BART's Board of Directors held an informational session Thursday on their plans to provide bus service for commuters crossing from the East Bay into San Francisco during a long-term, planned seismic retrofit of the Transbay Tube in preparation for the possibility of a major earthquake.
The project itself involves the installation of a new pumping system and better internal liners to deal with the flooding anticipated with a significant seismic event as part of a $313 million contract awarded to Shimmick Construction and California Engineering Contractors Inc.
To accommodate this process, BART officials plan to close the entire system for an additional hour each weeknight, opening at 5 a.m. instead of 4 a.m. the following morning for more than three years starting in February.
In order to plan alternative service for transbay commuters, BART surveyed 1,367 respondents, 1,180 of whom were identified as "relatively regular riders" who ride BART before 5 a.m. at least several times a month.
More than 47 percent of them expressed some degree of preference for enhancing the existing network of bus routes and adding 14 new direct lines to San Francisco, Daly City or San Francisco International Airport.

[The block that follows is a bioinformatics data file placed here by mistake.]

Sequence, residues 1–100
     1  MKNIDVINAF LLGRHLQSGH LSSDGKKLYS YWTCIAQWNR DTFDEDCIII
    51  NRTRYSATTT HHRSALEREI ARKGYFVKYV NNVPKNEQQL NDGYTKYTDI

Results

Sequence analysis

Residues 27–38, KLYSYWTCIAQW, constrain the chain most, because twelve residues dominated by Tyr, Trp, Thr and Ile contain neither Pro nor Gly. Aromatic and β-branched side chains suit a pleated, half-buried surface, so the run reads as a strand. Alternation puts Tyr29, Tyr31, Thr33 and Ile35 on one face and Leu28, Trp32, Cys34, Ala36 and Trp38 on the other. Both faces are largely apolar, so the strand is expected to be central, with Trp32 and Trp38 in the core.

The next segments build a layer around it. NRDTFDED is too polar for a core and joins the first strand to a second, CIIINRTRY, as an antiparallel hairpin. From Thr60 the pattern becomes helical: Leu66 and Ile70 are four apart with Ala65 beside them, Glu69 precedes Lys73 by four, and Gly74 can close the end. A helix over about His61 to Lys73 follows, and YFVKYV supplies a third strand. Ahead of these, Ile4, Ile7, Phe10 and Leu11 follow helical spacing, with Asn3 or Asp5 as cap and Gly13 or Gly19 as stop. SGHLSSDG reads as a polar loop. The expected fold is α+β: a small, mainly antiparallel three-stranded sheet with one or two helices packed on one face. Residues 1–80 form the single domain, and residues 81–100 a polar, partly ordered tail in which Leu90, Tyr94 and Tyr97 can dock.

BART officials hope to be able to provide bus service at the same cost that is less than or equal to that of taking a train, and in some cases the transit time may even be shorter.
The ride from Pittsburg/Bay Point to San Francisco is estimated to be nine minutes shorter by bus than by train, according to BART staff. The first bus into San Francisco would arrive at 4:45 a.m. and the last would arrive at 5:45 a.m.
Hotel Council of San Francisco associate director Kelly Powers addressed the board, asking them to consider how their plans will impact the 24,000 hotel industry workers her organization represents, many of whom currently take the early morning trains into the city for work.
"We are concerned about the solutions being presented," Powers said. "It'll be very inconvenient."
Some of their employees will need to change their work schedules, which will impact general managers and human resource managers who need to accommodate those schedule changes. Affected workers may also pay a personal cost.
"There will be a cost to their livelihood, to their quality of life," Powers said.
Director Joel Keller pointed out that an estimated 40% of the riders impacted by this project will be in Contra Costa County, and suggested that parking fees at BART stations could be waived before 5 a.m. to accommodate those riders.
There was also some discussion among the directors over whether to add direct routes from East Bay locations into San Francisco's Mission District, or to have riders transfer to San Francisco Municipal Railway buses to reach their final destination.
In the latter scenario, members of the board expressed an interest in finding ways to avoid requiring those riders to pay an additional fare.
Because it was an informational presentation, no action was taken on the agenda item Thursday.